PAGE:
This has been a slow fiction reading month for me, what with hectic summer schedules at my house (husband out of town, mom in town, trying to catch friends as they come and go). I’ve also been doing a lot of online and print periodical reading. (I have new subscriptions to Booklist! And Horn Book! Exciting times!)
And it takes a lot of effort to be annoyed with out-of-town peeps (and in-town peeps I’m avoiding) asking awkward questions to try to figure out what my pregnant body looks like at six to seven months. I get that I am more sensitive to this than many people, but how the heck am I supposed to answer questions such as, “What do you look like?” I don’t know, what do you look like?
Seriously and no lie, someone came up to my husband at a public function while I was standing right next to him, looked me up and down, and said, “She’s not very big, is she? Well, I guess she’ll get bigger.” OMG, I AM IN THE ROOM, PEOPLE!
I don’t intend to turn this blog into an ongoing discussion of how obnoxious people are about pregnant women’s bodies, BUT since I’ve started speaking up, a lot of women have whispered to me that they didn’t like it, either. I hope by talking about it, I’m at least making it slightly more okay for us to say, “You know what? That’s really rude, and I bet you would never make personal remarks like that about a non-pregnant person’s body.” It’s okay with me if calling people out on this stuff is not “nice.” I could go on all day about the tyranny of “nice.” I don’t want my daughter to think she has to put up with sexist, misogynistic crap so people will think she’s “nice.”
But that really is not the main point of this post, so without further comment on comments on my body, three excellent books I’ve read this month. Speaking of sexist, misogynistic crap, the protagonists in these books all have to deal with their fair shares of it, and it’s inspiring to see how they overcome, despite historical contexts far more restrictive than our own.
A Mad, Wicked Folly by Sharon Biggs Waller (London, 1909)
I had the very good fortune to meet and befriend Sharon at SCBWI-Illinois’s Prairie Writers’ and Illustrators’ Day in November 2013, where she introduced me to protagonist Victoria Darling. Vicky’s struggle to become an artist in an art world (and a world world) dominated by men is inspiring. The whole time I was reading, I was thinking, “I can’t believe my friend wrote this. This is amazing.” It’s also a great look at the suffragette movement in London in the early twentieth century, and it really made me interrogate my feelings about the intersections of art and motherhood and where those feelings come from. Excellent work, Sharon. You absolutely deserve the acclaim.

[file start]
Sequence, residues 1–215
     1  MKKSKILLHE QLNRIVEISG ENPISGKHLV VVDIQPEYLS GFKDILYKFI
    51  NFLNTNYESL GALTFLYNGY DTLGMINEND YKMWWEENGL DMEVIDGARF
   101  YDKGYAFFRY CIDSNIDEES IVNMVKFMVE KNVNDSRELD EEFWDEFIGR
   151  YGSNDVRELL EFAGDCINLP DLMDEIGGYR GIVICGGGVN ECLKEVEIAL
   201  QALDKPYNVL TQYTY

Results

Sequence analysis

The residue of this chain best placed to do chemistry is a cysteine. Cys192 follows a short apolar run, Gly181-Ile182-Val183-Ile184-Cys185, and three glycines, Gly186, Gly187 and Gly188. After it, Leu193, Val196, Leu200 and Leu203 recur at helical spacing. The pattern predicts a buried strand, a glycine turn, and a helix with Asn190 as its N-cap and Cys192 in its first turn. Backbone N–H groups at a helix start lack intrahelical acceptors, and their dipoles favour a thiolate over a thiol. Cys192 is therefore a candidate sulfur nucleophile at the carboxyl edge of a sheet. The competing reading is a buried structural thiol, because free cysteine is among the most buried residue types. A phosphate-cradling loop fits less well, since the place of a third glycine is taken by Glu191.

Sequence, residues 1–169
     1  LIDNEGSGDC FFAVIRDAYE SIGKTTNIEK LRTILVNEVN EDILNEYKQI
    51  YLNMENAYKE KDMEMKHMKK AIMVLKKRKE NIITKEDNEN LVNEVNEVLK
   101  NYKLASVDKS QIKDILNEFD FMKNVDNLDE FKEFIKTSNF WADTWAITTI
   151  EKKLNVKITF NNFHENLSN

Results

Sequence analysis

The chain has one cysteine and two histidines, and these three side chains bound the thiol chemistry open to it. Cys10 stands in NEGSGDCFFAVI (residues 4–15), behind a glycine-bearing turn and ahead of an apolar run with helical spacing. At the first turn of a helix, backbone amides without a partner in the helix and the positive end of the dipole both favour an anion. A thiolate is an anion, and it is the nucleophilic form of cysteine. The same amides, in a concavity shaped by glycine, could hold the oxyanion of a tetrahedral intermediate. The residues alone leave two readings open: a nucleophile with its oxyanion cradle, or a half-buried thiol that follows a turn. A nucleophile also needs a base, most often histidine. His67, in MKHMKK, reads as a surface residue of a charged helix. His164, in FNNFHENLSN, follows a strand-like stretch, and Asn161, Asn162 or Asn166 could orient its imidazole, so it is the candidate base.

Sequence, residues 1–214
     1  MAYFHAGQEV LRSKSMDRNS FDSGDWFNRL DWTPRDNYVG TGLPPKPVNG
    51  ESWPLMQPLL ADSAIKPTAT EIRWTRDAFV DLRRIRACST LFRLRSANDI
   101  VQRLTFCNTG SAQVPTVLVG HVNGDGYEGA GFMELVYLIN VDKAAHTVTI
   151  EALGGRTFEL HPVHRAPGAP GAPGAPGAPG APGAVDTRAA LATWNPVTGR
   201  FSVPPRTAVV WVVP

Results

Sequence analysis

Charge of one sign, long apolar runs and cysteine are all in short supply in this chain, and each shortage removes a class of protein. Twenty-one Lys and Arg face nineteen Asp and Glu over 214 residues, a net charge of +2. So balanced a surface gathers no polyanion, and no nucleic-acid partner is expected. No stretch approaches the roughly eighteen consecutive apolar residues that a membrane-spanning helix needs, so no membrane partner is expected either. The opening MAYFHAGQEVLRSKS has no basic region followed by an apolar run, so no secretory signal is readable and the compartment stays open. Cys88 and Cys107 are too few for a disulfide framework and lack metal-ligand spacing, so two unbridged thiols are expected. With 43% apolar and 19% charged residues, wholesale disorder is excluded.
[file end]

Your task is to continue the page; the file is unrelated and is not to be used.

Gilt by Katherine Longshore (England, 1539-1542)
Katherine is a blog sister of Sharon’s at Corsets, Cutlasses, and Candlesticks, which is how I encountered her Tudor-era novels. I’m usually more of a Plantagenet girl (I was Eleanor of Aquitaine for Halloween in sixth grade. Yeah, I got made fun of. Worth it.), but I was drawn to the jeweled covers of this set of companion novels, which continues in Tarnish and Brazen. Gilt is written from the perspective of Kitty Tylney, a friend of Henry VIII’s doomed fifth queen, Catherine Howard. Anne Boleyn usually gets all the press, so I was intrigued that a writer would choose to start with Catherine Howard. As I read, I kept thinking how interesting it was that I couldn’t put the book down, even though I technically knew the end. I think that’s a trick in historical fiction writing: keeping readers guessing even though we already know how certain things are going to play out.
Catherine, Called Birdy by Karen Cushman (England, 1290)
I missed Karen Cushman’s excellent middle grade novels as a kid because by the time they came out, I was already past the target age. I was inspired to read this one by the 20th Anniversary Twitter buzz, and I’m so glad I did. Catherine, the daughter of a minor knight with a small manor, must spend her fourteenth year avoiding potential suitors. I really appreciated the fact that the novel doesn’t gloss over the realities of Catherine’s world: she has to marry. She really has no other viable options for survival, but how she manages to make her own choices within the unfair confines of her world is the key to her story.
No doubt I’ll have much more time to read this summer, as I have no intention of giving all these people who “want to see me pregnant” (Seriously, that’s weird. Really, listen to it.) much satisfaction, and because I work at home, I don’t have to. Haha. Extended reading time on my treadmill and recumbent bike, here I come. Because, yep: I still love working out and getting in my reading time while I do it. Which is partly why, in our schadenfreude-based world, I don’t look nearly as awful as people seem to hope.